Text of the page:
There is a distinct yin and yang vibe surrounding the two concrete structures on the north patio of the Bio-Medical Center. The eastern stack takes outside air in. The western stack pumps inside air out. Today, we are only concerned with the output stack, whose overhead cover and continuous output of warm air offers refuge from the cold for some, but evokes a sense of danger in others, who believe toxic chemicals from the research center are dispelled through the vents.
Professionally-rendered diagram of air flow.
“I always hold my breath when I walk by there,” says Erik Danie ‘18.
So by basking in a few seconds of warmth, do you run the risk of exposure to hazards such as carcinogens and possibly even byproducts of top-secret biomedical experiments? Or is the exhaust safe to inhale? Or does it even matter?
Phase 1: Unlike the CIT shower investigation, this myth only required one step to solve. We spoke with a representative from facilities who assured us that the air is, in fact, perfectly safe to breathe. All exhaust that escapes the concrete structures—which serve as both fire stairwell egresses and ventilation output—comes from classrooms and meeting rooms in the building. This air is kept separate from the lab ventilation and output from fume hoods, which exits through the top of the building.
Although the idea of easy access to toxic fumes from the biology/medical labs could be appealing to those seeking new freaky superpowers, the only thing remotely dangerous about the air under the western ventilation stack is the second hand smoke coming from the guy standing next to you.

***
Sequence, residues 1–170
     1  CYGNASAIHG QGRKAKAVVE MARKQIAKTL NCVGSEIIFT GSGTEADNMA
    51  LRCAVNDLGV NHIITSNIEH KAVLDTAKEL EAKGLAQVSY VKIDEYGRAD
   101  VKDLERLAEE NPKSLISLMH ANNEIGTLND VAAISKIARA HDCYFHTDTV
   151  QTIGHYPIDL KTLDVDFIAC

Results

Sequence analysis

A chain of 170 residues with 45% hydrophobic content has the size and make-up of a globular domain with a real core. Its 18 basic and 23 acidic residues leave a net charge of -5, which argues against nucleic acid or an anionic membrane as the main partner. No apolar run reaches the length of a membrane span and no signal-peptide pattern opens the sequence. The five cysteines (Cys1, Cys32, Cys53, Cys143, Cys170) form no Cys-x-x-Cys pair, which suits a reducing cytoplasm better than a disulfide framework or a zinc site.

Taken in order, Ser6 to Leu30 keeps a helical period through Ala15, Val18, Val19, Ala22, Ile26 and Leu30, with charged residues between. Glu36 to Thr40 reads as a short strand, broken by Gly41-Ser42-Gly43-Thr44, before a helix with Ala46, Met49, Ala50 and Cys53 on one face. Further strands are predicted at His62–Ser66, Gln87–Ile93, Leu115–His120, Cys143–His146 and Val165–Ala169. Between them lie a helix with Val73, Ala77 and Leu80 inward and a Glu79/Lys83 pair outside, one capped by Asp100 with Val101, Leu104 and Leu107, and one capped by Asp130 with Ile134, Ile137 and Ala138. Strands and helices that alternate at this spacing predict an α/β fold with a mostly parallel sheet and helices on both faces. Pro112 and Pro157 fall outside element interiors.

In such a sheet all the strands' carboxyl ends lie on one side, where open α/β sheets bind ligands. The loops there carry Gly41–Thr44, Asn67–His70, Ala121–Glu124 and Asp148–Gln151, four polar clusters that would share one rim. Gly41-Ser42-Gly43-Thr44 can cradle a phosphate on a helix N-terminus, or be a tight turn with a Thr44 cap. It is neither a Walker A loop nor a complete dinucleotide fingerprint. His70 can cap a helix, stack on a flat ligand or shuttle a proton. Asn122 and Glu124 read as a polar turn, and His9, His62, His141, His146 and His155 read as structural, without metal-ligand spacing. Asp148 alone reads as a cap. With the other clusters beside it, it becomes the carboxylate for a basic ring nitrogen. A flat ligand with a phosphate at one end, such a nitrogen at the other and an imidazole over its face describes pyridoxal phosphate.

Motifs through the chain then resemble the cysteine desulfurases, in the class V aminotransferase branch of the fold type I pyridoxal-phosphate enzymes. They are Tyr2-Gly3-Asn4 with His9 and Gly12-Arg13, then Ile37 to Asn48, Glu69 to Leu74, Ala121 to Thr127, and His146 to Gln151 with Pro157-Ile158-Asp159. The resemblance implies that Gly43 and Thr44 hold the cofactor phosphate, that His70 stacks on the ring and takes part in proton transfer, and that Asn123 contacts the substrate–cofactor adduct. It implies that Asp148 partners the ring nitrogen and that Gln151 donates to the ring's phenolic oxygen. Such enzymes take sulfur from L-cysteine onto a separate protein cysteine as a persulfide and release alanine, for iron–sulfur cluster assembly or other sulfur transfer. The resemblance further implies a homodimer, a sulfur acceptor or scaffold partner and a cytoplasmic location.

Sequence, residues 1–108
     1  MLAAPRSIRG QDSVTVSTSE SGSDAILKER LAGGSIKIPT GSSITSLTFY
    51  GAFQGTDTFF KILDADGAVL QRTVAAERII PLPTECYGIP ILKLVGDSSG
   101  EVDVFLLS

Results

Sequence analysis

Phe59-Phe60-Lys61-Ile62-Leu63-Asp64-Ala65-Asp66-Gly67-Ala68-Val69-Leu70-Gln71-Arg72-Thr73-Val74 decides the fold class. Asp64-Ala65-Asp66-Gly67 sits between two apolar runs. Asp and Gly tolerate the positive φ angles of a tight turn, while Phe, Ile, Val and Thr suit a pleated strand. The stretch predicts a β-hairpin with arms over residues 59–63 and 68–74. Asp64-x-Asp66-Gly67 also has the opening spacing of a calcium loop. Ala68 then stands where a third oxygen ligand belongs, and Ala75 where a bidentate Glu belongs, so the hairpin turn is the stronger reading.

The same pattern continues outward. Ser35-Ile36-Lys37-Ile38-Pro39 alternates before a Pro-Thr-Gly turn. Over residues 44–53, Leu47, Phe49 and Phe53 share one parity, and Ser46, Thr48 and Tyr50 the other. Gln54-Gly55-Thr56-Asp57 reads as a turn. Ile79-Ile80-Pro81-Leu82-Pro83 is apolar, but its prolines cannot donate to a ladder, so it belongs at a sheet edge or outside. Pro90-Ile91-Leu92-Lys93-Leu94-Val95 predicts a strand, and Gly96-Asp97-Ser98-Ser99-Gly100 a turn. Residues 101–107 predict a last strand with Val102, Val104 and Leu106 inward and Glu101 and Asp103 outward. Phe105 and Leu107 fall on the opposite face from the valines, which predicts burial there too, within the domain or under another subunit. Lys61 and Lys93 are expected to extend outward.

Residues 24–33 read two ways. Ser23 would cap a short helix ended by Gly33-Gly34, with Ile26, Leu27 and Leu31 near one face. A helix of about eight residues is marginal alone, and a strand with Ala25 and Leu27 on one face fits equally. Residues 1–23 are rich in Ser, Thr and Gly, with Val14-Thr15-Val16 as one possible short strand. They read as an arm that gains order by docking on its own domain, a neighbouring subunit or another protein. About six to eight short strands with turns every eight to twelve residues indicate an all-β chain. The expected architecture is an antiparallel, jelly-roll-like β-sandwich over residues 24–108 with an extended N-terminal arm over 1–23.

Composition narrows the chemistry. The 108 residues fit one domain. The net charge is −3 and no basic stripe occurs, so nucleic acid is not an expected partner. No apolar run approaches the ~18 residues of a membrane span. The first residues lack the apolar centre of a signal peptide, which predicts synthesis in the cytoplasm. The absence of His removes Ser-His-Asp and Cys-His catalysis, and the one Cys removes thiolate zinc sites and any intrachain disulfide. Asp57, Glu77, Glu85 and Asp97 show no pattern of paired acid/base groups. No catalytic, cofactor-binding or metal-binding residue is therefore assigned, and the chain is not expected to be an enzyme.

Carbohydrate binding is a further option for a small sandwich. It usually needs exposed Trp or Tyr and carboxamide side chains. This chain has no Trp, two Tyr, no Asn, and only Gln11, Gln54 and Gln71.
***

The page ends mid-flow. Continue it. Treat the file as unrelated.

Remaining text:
It’s no secret that Brown is full of urban legends. Even if you don’t believe in ghosts, you have to admit the Hay’s human skin-bound books are enough to give anyone the heebie-jeebies. Granted, you may not be losing any sleep thinking about all the mysteries floating around campus, but where there is a myth, there must be a busting. To ease into this series without any explosions or having to step on the Pembroke Seal, BlogDH investigated the question plaguing CS students for years: is there a shower in the CIT?
Phase 1: Field research began in the Sunlab, where we first got an anonymous tip about “the shower upstairs.” Immediately there were so many questions: Is the notion of CSers living in the CIT more than hyperbolic? Who has access to this VIP shower? Is there also an accompanying gym in the CIT? Do I have to put a shower in TASafeHouse?
Phase 2: We began asking around, and started with the TAs. Either they had no idea about the shower’s existence or they lied to protect its exclusivity. It was clear we would have to go higher up in the CS food chain, so we went straight to the top–Google. Consulting Google about the shower will get you confirmation of its whereabouts from the Brown Daily Herald and, explicably, Andy van Dam’s Wikipedia page.
Phase 3: To find the shower, we needed a key-holding member of the CS society to get to the fourth floor, plus a personal tour-guide to navigate us through the labyrinth. After minutes of searching, there it was: the CIT shower in all its glory and absurdity. Phase 4: The shower-head was still dripping and it smelt like Irish Spring Soap–how recently did someone use this?While it was certainly not the day-spa we had hoped for, the water pressure must be good enough to keep people coming back. The room comes equipped with a little hand-held mirror, a chair, a drying rack, and whatever the hell this sign means. So, yeah: This myth is confirmed. As a humanities concentrator, I would recommend going to the CIT for free food before the free shower, but hey, any shower is better than none.
Images via Albie Brown ’16, Julia Elia ’17 and via.